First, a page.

Incredibly, out of over 4,000 line-items in the federal budget from over 430 departments, agencies, and sub-agencies, Mulvaney decided to target just one program for nearly half (46 percent) of all the cuts in his proposed rescission or “clawback” package. That one program, the Children’s Health Insurance Program (CHIP), is so cost effective that its extension was scored by the Congressional Budget Office (CBO) to save $6 billion over ten years because extending it is more efficient and less expensive than other public or private alternatives.

In CBO’s own words:

Extending funding for CHIP for 10 years yields net savings to the federal government because the federal costs of the alternatives to providing coverage through CHIP (primarily Medicaid, subsidized coverage in the marketplaces, and employment-based insurance) are larger than the costs of providing coverage through CHIP during that period.

CHIP is also a program whose extension the President literally signed into law — TWICE — in just the last few months. That one program provides health coverage to over 9 million kids, and yet, it was CHIP that Mulvaney decided to target more than any other line-item in the federal budget.

It seems that kids are always Mulvaney’s prime target.

Fortunately, on a bipartisan basis, some Members of Congress came to the defense of children. As Rep. Peter Roskam (R-IL) said:

When I voted for the Championing Healthy Kids Act last year, which funded CHIP, I did so to ensure our children’s health would not be put in jeopardy. It’s important to preserve the bipartisan progress just a few short months ago. Negotiating a spending bill of this magnitude is an extensive process, but we need to take caution that our children do not become collateral damage of our efforts to provide funding to other important programs.

Rep. Leonard Lance (R-NJ) added:

I certainly favor eliminating and rescinding federal spending that is no longer necessary, has been diverted from its original intent or has sat unused for years. But this package needlessly targets funding for the Children’s Health Insurance Program — which has delivered health insurance to 9 million children in a fiscally responsible manner.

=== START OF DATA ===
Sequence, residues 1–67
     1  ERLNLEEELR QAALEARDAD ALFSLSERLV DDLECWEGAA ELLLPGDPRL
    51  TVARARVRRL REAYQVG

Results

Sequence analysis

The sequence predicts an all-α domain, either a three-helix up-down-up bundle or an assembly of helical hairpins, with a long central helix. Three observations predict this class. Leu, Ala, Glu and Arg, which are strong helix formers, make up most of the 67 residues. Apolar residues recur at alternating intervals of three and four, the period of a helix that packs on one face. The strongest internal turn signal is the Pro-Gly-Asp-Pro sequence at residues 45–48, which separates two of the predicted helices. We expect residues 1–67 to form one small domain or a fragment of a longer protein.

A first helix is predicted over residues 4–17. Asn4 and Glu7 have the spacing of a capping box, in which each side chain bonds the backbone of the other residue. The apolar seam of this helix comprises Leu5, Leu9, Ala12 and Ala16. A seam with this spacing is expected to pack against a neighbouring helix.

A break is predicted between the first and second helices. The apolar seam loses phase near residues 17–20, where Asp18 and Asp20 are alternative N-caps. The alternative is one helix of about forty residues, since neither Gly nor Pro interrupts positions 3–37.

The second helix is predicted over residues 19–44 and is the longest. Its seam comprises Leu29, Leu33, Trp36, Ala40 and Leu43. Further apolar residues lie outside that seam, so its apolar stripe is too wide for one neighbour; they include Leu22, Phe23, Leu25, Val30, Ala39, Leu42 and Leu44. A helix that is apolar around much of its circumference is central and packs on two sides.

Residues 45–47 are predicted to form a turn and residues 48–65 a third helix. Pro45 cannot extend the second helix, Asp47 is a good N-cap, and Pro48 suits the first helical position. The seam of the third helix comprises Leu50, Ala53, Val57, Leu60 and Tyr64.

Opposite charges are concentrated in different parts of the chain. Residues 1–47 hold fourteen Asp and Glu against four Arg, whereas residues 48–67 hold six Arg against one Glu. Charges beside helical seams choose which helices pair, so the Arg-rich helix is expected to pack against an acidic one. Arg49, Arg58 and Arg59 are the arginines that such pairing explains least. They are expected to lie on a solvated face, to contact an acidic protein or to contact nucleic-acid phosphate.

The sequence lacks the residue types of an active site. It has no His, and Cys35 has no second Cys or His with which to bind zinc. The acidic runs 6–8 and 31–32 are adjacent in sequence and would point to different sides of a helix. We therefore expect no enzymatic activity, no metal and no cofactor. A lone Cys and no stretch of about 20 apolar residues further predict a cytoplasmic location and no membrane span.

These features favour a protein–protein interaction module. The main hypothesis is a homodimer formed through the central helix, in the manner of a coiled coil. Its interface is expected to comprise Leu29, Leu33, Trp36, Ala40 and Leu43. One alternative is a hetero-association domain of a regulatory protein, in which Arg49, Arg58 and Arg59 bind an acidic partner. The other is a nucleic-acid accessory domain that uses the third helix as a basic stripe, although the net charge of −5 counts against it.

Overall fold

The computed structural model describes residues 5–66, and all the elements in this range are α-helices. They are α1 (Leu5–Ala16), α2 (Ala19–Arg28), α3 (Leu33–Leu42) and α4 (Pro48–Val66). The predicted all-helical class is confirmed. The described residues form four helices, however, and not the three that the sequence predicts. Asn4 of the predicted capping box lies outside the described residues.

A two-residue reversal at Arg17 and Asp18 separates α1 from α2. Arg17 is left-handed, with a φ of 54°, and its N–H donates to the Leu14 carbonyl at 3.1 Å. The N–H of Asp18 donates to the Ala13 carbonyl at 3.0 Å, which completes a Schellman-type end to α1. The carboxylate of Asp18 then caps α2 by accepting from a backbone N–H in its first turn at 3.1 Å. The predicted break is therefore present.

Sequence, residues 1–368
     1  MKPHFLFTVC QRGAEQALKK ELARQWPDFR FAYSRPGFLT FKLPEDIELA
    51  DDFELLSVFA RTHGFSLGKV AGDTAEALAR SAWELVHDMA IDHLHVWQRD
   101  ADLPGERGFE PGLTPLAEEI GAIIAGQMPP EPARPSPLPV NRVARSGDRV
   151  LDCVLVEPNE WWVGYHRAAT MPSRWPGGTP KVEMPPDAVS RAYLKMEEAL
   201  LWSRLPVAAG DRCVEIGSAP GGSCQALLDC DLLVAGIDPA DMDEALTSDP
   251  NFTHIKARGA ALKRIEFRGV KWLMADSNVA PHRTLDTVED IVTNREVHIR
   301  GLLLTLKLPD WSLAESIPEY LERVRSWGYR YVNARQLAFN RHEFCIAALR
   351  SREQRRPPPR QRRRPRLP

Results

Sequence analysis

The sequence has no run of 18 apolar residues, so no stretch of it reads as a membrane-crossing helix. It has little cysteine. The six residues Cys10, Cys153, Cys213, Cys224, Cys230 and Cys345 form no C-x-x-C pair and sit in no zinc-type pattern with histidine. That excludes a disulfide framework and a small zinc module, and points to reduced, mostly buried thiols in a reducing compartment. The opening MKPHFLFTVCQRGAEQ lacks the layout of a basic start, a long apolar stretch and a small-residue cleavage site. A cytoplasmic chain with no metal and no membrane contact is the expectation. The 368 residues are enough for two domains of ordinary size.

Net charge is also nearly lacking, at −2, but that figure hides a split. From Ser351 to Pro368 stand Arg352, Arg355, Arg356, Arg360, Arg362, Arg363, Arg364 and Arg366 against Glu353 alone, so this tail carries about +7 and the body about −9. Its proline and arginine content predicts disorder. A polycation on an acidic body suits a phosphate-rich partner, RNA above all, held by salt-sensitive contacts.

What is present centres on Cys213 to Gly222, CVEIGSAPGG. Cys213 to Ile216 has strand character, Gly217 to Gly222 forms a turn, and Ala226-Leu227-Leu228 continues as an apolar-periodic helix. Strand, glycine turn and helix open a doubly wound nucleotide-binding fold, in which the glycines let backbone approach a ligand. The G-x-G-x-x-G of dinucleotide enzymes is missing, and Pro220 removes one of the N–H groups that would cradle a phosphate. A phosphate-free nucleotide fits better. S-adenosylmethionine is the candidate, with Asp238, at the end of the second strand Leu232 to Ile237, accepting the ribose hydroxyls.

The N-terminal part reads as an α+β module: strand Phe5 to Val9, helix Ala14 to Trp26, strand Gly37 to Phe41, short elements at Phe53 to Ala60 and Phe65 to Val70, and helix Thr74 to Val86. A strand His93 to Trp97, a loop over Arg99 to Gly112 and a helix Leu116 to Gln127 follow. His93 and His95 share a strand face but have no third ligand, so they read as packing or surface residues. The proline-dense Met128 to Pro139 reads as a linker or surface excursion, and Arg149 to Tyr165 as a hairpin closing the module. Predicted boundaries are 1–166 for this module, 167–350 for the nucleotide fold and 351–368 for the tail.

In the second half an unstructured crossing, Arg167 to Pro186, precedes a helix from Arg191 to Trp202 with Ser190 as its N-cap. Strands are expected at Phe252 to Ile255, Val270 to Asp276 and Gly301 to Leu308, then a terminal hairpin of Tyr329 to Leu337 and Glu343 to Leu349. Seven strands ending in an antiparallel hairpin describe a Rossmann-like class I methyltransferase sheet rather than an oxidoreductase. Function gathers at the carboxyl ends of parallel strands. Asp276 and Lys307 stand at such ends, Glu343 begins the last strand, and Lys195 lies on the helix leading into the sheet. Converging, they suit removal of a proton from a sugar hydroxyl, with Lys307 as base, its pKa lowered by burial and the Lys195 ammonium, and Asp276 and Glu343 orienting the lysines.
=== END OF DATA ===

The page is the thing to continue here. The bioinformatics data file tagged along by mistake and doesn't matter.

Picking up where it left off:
And, as Vern Buchanan (R-FL) explained:

There are plenty of other places we should cut before we touch health care for children. This important program provides peace of mind to families that if their children get sick they will get the medical attention they need.

He added:

This is a tremendously successful program that serves 9 million kids nationwide and 375,000 in Florida. The White House proposal undermines a bipartisan CHIP agreement reached earlier this year and removes reassurances states need that funding will be available to keep kids covered.

Reps. Roskam, Lance, Buchanan, and 16 other of their Republican colleagues should be applauded for voting against the rescission package because of its disproportionate harm to children. But sadly, despite opposition from every single Democrat and 19 Republicans, the House of Representatives voted 210–206 to pass the bill and send the package to the Senate.

Fortunately, by just one vote, the Senate defeated the package by a vote of 49–51 thanks to the opposition of 47 Democrats, 2 Independents, and 2 Republicans. If you don’t believe elections matter, the fact is that the election of Alabama Sen. Doug Jones (D-AL) in last year’s special election was what kept CHIP from being slashed by $7 billion.

The work of child advocates was also critical, as over 500 national, state, and local organizations, spoke out against Mulvaney’s rescission package that disproportionately targeted children’s health coverage for cuts.